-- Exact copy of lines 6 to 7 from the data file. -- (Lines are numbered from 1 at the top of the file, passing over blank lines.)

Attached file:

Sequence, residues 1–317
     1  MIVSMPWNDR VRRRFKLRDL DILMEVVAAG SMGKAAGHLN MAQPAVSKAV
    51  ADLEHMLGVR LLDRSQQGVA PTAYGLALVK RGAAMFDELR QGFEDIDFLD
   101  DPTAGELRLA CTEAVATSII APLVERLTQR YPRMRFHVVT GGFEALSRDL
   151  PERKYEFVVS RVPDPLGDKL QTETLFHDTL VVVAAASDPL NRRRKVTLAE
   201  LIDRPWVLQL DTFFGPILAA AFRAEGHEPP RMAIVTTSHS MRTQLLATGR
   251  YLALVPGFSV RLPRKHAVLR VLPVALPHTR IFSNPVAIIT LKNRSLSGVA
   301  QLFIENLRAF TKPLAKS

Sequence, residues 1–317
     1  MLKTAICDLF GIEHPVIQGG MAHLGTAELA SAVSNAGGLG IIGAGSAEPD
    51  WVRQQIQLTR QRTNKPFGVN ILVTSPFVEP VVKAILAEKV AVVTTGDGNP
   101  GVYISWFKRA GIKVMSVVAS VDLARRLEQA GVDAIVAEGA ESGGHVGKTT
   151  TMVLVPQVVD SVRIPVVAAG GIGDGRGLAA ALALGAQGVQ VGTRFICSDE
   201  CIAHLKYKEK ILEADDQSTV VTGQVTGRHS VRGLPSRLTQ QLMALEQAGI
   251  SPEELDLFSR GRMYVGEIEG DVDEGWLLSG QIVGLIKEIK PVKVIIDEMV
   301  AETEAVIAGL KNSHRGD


   201  LIDRPWVLQL DTFFGPILAA AFRAEGHEPP RMAIVTTSHS MRTQLLATGR
   251  YLALVPGFSV RLPRKHAVLR VLPVALPHTR IFSNPVAIIT LKNRSLSGVA